Francesca Ekwuyasi is a writer, artist, and filmmaker born in Lagos, Nigeria. Her work explores themes of faith, family, queerness, consumption, loneliness, and belonging. Her writing has been published in Winter Tangerine Review, Brittle Paper, the Malahat Review, Vol. 1 Brooklyn, GUTS magazine and more. Her debut novel Butter Honey Pig Bread was a Canada Reads 2021 runner-up, was longlisted for the Scotiabank Giller Prize, and was a finalist for a Governor General’s Literary Award, the Amazon Canada First Novel Award, and a Lambda Literary Award.
Butter Honey Pig Bread is Francesca Ekwuyasi’s debut novel which weaves together the three intertwined stories of twin sisters Kehinde and Taiye, and their mother Kambirinachi. Across continents and through childhoods and adulthoods, via cooking and art and love and loss, the three women face the wounds of the past in order to embrace their future.
Interviewed by Caley Byrne
Caley Byrne (CB): It is a pleasure to interview you, Francesca. I was so excited to have the opportunity to read your book and chat to you. So let’s get started. Upon completing the novel, I reflected a lot on the way you separated and named the book’s four sections. I’m curious: at what point did the novel’s title reveal itself to you?
Francesca Ekwuyasi (FE): Well, I started writing it under a different name! But by the time I was through it, it was very much a different story, so the title Butter Honey Pig Bread came from the prominence those four ingredients took, to my perception. Perhaps at a different time, it might have been different ingredients that were most apparent to me, but those were the ones that came out. So during the editing process, it made sense to block out each section of the book according to those words because it just flowed that those were the prominent ingredients in each section.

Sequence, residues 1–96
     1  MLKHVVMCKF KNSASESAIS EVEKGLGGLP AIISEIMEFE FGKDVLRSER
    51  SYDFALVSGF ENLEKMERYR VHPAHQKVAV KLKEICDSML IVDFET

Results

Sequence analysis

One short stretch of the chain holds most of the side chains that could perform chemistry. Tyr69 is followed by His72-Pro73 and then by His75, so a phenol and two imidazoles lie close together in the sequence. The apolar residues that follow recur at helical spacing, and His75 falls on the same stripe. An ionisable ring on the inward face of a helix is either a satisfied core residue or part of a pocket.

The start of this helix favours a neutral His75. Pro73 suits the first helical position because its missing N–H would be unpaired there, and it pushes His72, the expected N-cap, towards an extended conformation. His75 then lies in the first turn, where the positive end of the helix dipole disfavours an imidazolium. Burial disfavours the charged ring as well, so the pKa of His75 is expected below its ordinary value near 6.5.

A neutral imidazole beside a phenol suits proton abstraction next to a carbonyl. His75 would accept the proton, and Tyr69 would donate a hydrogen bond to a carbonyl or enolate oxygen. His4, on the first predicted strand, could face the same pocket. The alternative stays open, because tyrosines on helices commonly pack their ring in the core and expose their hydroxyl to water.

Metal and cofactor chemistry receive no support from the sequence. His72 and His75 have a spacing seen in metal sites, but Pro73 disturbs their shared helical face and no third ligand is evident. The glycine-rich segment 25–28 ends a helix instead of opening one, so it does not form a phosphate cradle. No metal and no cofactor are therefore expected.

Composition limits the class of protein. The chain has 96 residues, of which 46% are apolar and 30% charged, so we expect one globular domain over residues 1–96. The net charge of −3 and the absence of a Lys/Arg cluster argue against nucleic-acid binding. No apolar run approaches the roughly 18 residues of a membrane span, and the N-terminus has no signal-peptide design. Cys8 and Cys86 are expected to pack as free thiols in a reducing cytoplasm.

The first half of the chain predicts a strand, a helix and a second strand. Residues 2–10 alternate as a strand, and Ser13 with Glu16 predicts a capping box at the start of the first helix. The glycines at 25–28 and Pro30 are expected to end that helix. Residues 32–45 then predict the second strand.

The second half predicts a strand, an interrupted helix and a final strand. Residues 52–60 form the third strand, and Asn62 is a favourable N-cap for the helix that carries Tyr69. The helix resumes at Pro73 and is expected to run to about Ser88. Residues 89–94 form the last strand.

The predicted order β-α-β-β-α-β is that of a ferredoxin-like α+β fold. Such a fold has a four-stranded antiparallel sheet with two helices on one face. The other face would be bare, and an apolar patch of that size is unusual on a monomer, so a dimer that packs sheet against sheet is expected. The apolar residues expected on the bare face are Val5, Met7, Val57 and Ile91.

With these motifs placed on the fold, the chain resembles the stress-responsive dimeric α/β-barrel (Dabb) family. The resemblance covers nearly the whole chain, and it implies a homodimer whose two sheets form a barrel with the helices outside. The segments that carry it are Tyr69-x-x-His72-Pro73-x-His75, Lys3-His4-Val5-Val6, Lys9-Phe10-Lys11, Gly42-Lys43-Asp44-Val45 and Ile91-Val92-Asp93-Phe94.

CB: I was intrigued by the voices of the twins – so similar in some ways, yet so very different in many others. For example, the twins had many shared memories, but experienced them very differently. What was it like writing that?
FE: I think that was one of the more, I suppose, natural things (even though I hesitate to use that word), because of my own experience of my childhood. Me and my siblings and my cousins have very different experiences of the same things, so it’s a play on that. I also wanted to touch on how trauma can affect memory; I think memory is very unreliable and that’s another prominent thing in the story I wanted to play with, having unreliable narrators, because trauma really affects how we remember or perceive things. For the twins, only one of them, Kehinde, experienced a trauma firsthand but Taiye experienced the secondhand trauma and I wanted to illustrate how both of them were affected. But that trauma that Kehinde experienced was just one thing; they both lost their father suddenly and lived with a mother who they felt was unavailable so really, they experienced some shared and some distinct trauma. And even though the loss of their father was a shared trauma, it affected them differently, just as Kehinde’s trauma affected her differently than it affected her twin. I wanted to illustrate how memory is affected but also how the stories that we tell ourselves, our own individual narratives, propel us.
CB: The book was rife with so many gorgeous, sensuous descriptions of foods! Are you a cook yourself? If so, what do you like to make for people you love?